Now in its 5th year, The Annual Clifford Chance Lecture is one of the key dates in the Energy Law Institute Calendar for energy law academics, practitioners and policy-makers in the UK and internationally.
On Thursday 13 February 2020, the Rt Hon Claire O’Neill, former President COP26, Minister of State at the Department for Business, Energy and Industrial Strategy, spoke of ‘The Climate Change Challenge’.
We would like to thank all those who attending the evening and hope to see you all next year.
Please contact us if you would like further details or to be added to the Annual lecture invitation list: email@example.com
In 2015, we welcomed Lord Browne of Madingley, former CEO of British Petroleum (BP), for the Inaugural 2015 Annual Clifford Chance lecture.
‘Recourses, Rights and Responsibilities: The Role of the Private Sector in Public Development— A view by Lord Browne of Madingley’
In a wide-ranging speech to an audience of 150 lawyers, academics and business people, Lord Browne of Madingley focused on the energy sector and its relationship with society, while touching on his role to help encourage greater transparency in developing countries and tackle climate change.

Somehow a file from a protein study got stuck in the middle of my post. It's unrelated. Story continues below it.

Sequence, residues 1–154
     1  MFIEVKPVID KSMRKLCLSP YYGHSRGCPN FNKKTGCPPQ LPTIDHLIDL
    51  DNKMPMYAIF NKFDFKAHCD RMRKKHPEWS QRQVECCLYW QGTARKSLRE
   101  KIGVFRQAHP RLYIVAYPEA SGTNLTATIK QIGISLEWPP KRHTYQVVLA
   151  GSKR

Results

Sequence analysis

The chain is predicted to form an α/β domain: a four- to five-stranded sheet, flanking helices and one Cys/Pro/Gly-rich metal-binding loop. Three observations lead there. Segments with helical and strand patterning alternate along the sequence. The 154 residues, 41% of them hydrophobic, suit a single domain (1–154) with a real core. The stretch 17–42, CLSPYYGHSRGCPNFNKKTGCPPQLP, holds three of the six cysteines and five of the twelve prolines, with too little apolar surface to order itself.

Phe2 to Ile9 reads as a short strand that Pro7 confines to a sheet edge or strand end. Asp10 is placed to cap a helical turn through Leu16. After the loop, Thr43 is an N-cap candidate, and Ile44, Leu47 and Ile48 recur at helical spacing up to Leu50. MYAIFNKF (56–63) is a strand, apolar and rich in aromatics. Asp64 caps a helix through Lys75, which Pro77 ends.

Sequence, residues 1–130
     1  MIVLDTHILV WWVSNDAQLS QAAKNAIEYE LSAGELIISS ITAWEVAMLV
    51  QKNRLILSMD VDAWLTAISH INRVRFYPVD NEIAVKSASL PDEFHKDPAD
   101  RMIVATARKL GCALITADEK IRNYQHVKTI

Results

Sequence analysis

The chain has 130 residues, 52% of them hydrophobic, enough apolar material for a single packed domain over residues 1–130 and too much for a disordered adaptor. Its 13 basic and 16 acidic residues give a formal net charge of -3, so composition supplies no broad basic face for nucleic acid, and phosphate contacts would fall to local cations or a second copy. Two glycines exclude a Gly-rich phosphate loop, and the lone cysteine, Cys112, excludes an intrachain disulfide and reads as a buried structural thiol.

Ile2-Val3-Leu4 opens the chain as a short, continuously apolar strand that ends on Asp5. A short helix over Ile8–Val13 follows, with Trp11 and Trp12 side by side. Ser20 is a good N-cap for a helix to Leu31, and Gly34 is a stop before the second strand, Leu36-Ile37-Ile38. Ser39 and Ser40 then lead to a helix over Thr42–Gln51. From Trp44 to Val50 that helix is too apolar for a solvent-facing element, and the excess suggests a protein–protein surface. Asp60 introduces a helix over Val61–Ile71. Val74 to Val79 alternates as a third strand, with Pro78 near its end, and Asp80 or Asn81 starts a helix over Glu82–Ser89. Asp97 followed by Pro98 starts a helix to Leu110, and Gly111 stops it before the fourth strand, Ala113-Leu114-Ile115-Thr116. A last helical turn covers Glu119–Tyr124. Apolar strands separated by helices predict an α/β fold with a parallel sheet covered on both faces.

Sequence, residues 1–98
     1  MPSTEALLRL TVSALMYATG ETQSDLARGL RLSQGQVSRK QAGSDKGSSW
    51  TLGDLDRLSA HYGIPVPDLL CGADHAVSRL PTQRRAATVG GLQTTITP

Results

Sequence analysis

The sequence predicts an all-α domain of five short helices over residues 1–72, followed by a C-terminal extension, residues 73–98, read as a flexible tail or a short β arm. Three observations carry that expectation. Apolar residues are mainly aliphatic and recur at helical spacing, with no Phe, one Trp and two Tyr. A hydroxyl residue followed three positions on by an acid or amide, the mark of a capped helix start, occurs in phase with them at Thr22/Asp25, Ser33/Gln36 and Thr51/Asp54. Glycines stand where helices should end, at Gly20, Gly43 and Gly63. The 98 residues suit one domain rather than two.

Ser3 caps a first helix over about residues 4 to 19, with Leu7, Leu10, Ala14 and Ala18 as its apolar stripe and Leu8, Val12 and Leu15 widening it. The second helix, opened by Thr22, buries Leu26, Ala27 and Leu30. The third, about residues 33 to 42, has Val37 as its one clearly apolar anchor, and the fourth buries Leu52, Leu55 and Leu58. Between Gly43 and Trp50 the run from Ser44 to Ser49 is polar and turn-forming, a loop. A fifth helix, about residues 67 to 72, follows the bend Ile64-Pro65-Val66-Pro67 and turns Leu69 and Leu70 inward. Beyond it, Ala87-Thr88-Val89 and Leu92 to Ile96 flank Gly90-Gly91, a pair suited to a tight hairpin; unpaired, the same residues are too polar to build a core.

On the 2 February 2016, The Annual Clifford Chance Lecture was delivered by Sir David King, the then UK Government Foreign Secretary's Special Representative for Climate Change.
‘Paris Agreement on Climate Change: What’s next?’
Speaking about the future of sustainable options to tackle climate change. The Paris Agreement is a turning point for humanity, according to Sir David King.
On the 2 February 2017, the third annual lecture was delivered by Lord Lamont of Lerwick, British politician and former Conservative MP for Kingston-upon-Thames. Served as Chancellor of the Exchequer, from 1900-1993.
'Iran and the West: What now after the Nuclear Agreement?'
Lord Lerwick explored the implications of Iran’s re-entry into the international fold in the wake of the nuclear agreement.
On the 25 October 2018, the fourth Annual Lecture was given by Sir Richard Friend, Cavendish Professor of Physics at the University of Cambridge.
‘Energy - the Scientific Limits’
The economics of the generation, storage and use of energy have been changing very quickly in the past decade. The price for renewable generation from solar and wind, to take an example, has fallen far faster than even the optimists had predicted. Will these trends continue? Is there a Moore’s Law for energy? How close are we to operating at the limits set by the laws of science? The answers to these questions are technology specific, but in several very large sectors, there are real opportunities to do much better.